The amount of time a person is willing to spend on a site varies widely depending on their circumstances, the type of problem that they’re trying to solve, and their individual characteristics. Some people are naturally inclined to pore over every last word, and even the least detail-oriented person tends to spend more time when she is especially passionate about something, or if it involves significant financial or personal consequences.
Those circumstances exist, but a far more frequent scenario is for a user to arrive at a painstakingly designed page—which a team of designers may have spent weeks fine-tuning to fit in valuable, meaningful content—and spare it only a cursory glance before clicking through to the next page. (The average page visit lasts less than a minute—but many are 10 seconds or less.)
When faced with a decision, we can either take the time to find the best answer, or we can decide to settle for a ‘good-enough’ answer, and get on with our lives. Psychologists call this latter strategy satisficing, a combination of the terms ‘satisfy’ and ‘suffice.’
|Definition: Satisficing means settling for something we know may not be the best possible choice, but that at least meets our essential needs.
Because of the sheer volume of information and options available, it’s often literally impossible for people to evaluate and compare every possible choice—we could spend the rest of your life shopping for the perfect vacation rental, but then we would never actually get to go on our vacation. Certainly high-stakes situations can inspire people to investigate more thoroughly, but most of our actions on the web really aren’t life changing. In these everyday cases, time constraints and low risks mean that finding the perfect answer just isn’t important enough to justify spending a lot of research time. This is when satisficing usually kicks in: people take just enough time to identify at least one reasonable option, select it, and move on.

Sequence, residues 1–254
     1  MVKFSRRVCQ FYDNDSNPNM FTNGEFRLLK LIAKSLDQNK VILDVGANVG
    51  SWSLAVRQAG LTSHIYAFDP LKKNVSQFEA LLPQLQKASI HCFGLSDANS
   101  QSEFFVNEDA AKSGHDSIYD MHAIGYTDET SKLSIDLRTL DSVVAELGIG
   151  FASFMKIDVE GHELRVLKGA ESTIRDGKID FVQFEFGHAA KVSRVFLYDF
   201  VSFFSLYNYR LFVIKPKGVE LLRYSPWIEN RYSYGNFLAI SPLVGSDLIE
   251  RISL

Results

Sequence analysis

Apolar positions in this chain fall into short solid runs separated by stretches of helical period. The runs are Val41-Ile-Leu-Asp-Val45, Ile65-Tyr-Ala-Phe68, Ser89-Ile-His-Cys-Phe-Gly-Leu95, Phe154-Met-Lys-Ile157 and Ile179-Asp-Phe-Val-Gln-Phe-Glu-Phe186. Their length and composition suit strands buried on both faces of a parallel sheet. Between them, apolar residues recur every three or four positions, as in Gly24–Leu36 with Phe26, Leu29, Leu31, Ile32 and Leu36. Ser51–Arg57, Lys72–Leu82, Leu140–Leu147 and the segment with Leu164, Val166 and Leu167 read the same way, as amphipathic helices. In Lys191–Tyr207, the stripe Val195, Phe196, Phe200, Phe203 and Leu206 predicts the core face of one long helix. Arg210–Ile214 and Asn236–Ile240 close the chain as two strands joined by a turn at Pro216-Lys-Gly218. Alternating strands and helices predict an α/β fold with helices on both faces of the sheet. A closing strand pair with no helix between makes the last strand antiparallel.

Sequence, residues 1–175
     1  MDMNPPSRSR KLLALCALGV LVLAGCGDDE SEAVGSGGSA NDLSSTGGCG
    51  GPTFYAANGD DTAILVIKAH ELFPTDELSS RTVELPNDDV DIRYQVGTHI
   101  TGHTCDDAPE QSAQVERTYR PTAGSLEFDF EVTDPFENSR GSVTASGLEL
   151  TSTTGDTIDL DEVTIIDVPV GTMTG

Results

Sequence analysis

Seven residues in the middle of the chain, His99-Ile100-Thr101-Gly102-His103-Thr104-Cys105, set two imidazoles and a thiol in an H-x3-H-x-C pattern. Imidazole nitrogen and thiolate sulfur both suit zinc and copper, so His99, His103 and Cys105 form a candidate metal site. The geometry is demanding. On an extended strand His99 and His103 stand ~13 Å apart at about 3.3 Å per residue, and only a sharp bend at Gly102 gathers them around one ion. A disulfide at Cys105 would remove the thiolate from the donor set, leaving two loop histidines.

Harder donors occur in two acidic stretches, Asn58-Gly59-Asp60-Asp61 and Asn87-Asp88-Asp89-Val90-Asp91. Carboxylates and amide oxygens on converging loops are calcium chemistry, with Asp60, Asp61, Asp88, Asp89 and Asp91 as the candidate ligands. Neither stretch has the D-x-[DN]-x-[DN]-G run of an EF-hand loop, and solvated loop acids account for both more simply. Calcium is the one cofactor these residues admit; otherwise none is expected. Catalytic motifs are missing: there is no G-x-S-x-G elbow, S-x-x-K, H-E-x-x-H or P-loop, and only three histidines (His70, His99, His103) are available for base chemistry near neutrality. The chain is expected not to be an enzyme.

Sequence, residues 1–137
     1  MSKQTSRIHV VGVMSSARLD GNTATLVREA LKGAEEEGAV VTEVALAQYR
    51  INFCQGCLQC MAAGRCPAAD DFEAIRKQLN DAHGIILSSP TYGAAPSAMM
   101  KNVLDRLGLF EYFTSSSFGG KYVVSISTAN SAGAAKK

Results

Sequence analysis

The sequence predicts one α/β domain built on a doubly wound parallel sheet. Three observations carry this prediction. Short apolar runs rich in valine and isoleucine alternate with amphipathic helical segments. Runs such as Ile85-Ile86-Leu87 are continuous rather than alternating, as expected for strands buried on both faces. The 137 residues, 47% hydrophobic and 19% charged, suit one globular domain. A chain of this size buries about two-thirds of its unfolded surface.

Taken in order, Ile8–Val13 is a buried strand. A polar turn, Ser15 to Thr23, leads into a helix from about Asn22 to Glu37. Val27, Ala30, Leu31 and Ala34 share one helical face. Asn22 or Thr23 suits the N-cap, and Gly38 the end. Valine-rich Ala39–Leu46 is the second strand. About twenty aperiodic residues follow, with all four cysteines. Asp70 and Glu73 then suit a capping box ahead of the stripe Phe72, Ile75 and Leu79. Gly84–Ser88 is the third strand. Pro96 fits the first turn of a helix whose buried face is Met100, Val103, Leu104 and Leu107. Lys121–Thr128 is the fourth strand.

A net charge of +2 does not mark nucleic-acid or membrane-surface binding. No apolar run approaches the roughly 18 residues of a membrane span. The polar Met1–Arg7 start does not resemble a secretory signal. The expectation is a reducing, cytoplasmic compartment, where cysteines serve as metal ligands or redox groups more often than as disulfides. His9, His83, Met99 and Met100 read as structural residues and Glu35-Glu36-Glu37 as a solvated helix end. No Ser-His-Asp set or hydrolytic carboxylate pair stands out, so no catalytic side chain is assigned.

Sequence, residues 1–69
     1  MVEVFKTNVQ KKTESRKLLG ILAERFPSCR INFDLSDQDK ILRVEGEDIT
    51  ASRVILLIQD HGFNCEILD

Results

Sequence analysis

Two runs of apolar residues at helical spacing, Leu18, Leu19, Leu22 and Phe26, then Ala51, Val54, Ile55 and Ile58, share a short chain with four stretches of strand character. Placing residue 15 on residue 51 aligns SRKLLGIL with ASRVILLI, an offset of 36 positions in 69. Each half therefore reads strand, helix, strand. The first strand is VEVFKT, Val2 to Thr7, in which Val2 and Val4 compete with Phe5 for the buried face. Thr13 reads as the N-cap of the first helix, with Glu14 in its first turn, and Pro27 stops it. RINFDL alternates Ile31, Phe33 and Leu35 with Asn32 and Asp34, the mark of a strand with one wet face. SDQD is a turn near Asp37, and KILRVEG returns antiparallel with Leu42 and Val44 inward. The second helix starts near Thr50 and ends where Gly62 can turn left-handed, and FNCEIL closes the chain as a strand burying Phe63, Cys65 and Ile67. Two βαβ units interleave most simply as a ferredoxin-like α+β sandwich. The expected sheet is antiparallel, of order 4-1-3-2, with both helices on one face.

Unless your site is about life-and-death decisions, many—if not most—of your users are going to be satisficing, and understanding this mindset is critical to helping them be successful.
In fact, satisficing is so ubiquitous that it underlies many of the fundamental usability principles for writing on the web, and allowing users flexibility and control.
A Satisficing User Experience
If there were no cost to conducting infinite research, users would probably aim for perfection every time. But of course, every user interface imposes an interaction cost on every step the user takes. Users subconsciously have to make the tradeoff between these costs and the added benefit of locating an even better answer by staying on the site longer. That’s why they satisfice.
If you do want users to engage more deeply with your site, there are two strategies:
- Lower interaction cost: make each step easier, and users will walk further. Most traditional usability guidelines aim at this strategy.
- Higher benefits: ensure that users can quickly get some pretty-good information. Recognize that users will be satisficing and boost their outcome.
Of course, you should pursue both strategies simultaneously. Since we’ve written so much about the first approach already, here are some ideas for the second one.
Writing for Satisficers